Why terrorism eludes definition

Indeed the word terrorism is one of the most frequently used terms like any other common offenses

Monira Nazmi Jahan Jun 06, 2020

Indeed the word terrorism is one of the most frequently used terms like any other common offenses. Despite the gravity of the offense and usage of this popular term worldwide, one precise and universal definition remains elusive. There are many reasons behind not agreeing on a precise definition of terrorism. At first, the meaning and notion of terrorism have dramatically changed over time. As the practice of terrorism passed through an extended period, the change in the manner of defining terrorism has been remarkable. 

Terrorism has been interpreted positively in the time of the French Revolution. The reason: the perpetrators were fairly confident in terrorism bringing about the restoration of social order. In this period, state actors exercised and sponsored terrorism more than the sub-state actors do at present. It seems that in the late 1900s, the activities of the anti-monarchists, anarchists, and all sorts of revolutionists were implicated as terrorism, which in turn, led the term terrorism transforming into a different version associated with secessionist movements in the early 20th century. Terrorism took another different angle during the rule of Hitler in Germany and Stalin in the USSR as protest and objection against the oppressive actions of the government.

After World War II, the term terrorism was deflected to intend actions related to the activities of the nationalist, secessionist, and anti-colonialist groups. During the 1980s, the activities of political extremists, radical nationalists, and religious fanatics were deliberated as terrorism. Furthermore, state sponsors of terrorism came into play in this period. At present, terrorism attributes as an evil to humanity and depravity that must be abolished at all cost. After analyzing the historical change about the concept of terrorism, it appears that the term terrorism is often defined from two opposite perspectives.  Some people either relate to the accounts of the perpetrators, or they relate to the accounts of the victims. As a common saying goes, 'one man's terrorist is another man's freedom fighter.' For example, Surya Sen, popularly known as 'Master Da', was a revolutionary and freedom fighter, who fought against the British rule, but the British Empire considered him a betrayer and terrorist. After that, scholars and experts do not agree on what exactly terrorism is. Therefore, it creates confusion among the minds of students, the general public, and the readers to understand the core concept of terrorism.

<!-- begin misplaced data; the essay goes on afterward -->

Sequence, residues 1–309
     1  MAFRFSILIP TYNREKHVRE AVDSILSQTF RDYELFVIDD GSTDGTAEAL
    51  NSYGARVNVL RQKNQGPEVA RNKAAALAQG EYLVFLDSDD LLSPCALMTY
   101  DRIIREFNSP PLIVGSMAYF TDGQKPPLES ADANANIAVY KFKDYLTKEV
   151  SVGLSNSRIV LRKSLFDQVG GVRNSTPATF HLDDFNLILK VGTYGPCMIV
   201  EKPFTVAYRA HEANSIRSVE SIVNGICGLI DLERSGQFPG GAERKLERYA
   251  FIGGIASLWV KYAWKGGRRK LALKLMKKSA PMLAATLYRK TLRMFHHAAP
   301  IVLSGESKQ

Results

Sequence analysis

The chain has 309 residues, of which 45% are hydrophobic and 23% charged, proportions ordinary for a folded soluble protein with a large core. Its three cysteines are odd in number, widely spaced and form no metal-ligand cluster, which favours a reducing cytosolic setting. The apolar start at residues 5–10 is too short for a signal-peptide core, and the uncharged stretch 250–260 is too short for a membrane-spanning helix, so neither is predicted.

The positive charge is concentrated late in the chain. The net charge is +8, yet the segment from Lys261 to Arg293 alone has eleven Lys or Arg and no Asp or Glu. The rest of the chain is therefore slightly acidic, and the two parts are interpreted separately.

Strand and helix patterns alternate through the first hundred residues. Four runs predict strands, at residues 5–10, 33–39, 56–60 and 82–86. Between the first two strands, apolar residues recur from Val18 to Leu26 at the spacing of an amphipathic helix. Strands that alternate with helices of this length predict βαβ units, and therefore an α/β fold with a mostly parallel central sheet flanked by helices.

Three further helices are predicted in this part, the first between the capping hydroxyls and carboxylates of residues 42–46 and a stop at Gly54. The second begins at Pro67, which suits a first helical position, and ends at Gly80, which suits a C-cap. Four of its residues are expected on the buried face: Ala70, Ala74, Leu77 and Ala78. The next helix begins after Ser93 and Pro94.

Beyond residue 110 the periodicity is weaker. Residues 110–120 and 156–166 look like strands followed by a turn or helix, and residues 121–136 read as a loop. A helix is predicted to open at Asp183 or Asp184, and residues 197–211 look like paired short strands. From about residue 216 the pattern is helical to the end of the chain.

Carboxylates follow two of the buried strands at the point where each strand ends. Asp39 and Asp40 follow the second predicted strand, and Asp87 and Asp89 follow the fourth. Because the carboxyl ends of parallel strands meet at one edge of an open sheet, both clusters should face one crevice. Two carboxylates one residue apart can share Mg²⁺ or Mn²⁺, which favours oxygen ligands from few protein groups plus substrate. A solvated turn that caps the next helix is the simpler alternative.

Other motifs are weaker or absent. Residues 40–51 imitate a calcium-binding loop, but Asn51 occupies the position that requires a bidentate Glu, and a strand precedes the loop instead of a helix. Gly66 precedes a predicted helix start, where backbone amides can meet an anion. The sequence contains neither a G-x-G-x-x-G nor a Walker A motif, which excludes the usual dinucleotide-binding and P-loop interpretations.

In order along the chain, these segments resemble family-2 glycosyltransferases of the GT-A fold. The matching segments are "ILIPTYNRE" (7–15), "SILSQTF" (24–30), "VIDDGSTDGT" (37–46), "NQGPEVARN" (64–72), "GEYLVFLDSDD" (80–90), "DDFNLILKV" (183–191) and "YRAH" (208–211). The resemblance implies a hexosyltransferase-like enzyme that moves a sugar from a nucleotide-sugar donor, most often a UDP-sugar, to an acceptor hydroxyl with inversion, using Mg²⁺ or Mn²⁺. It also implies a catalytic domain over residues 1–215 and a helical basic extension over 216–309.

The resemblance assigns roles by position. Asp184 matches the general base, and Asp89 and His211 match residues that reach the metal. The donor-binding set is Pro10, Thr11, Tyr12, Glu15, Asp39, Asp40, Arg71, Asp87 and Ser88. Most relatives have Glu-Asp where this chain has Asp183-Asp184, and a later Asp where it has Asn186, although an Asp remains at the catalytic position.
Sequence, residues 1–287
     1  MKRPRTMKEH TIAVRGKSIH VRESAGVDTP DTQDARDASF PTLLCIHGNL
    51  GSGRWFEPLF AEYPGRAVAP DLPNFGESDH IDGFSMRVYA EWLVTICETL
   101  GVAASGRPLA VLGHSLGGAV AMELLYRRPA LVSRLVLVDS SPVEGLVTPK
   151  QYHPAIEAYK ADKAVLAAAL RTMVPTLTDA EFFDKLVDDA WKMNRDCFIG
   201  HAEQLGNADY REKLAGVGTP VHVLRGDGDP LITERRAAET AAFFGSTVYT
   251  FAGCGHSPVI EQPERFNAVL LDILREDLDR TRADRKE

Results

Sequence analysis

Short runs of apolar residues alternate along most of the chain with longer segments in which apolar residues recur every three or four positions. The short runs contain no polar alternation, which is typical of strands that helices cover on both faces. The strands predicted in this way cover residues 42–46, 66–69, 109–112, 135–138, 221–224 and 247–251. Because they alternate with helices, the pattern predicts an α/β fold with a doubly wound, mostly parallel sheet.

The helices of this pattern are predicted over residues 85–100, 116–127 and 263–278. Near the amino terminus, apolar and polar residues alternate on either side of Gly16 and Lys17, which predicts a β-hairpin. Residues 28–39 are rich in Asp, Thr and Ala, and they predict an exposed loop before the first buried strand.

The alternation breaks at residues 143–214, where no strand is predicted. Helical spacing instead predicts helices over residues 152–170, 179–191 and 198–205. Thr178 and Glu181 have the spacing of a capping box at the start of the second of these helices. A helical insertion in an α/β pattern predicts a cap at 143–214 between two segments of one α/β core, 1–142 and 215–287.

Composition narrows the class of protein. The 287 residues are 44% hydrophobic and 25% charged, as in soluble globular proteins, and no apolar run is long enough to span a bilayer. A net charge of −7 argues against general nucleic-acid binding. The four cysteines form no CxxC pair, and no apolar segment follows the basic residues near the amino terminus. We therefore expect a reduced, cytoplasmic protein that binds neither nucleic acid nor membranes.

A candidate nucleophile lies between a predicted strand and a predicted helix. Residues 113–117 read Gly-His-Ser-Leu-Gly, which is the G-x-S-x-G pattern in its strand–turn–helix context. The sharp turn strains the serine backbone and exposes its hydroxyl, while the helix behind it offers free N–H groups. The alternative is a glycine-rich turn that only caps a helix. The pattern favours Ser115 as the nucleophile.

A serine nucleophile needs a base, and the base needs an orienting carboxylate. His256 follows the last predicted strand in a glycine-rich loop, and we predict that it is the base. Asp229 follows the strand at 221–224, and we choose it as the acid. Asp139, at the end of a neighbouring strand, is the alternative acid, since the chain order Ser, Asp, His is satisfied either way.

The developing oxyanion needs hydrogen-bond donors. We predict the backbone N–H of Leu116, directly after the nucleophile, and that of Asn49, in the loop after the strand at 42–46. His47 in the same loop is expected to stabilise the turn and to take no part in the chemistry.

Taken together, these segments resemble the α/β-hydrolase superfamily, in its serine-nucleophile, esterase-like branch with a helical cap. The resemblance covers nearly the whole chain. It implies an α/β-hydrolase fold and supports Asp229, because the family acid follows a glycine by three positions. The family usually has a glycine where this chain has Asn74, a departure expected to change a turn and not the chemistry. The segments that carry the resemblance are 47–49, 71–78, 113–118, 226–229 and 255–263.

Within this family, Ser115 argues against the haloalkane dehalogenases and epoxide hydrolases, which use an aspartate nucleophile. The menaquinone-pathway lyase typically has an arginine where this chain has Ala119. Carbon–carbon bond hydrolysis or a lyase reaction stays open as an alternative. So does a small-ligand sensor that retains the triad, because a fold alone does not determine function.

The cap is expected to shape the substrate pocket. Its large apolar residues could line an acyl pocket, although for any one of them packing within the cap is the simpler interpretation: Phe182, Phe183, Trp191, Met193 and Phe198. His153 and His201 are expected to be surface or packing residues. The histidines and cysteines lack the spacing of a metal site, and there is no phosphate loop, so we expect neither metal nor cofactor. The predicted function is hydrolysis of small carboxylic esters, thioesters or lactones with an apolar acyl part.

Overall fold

Terrorism and guerilla warfare

Moreover, terrorism is somehow similar to other forms of sporadic violence or with unconventional warfare, which often confuses people about the concept of terrorism. Guerrilla warfare or insurgency poses some familiar criteria to terrorism in terms of using weapons, tactics, or not wearing any uniform. However, they have some distinct features such as; guerilla or insurgents are large in number, and they control territory. They establish camps and bases to train their people. Moreover, they fight against the authoritarian government and armed people, unlike terrorists, who target innocent civilians and unarmed people to achieve their demands. It is interesting to note that, despite the clear distinction between guerilla warfare and terrorism, these components interchange their entity with the due course of time. For example, the Revolutionary Armed Forces of Colombia, known as FARC, was undoubtedly known as the guerrilla group engaged in narcotics trafficking.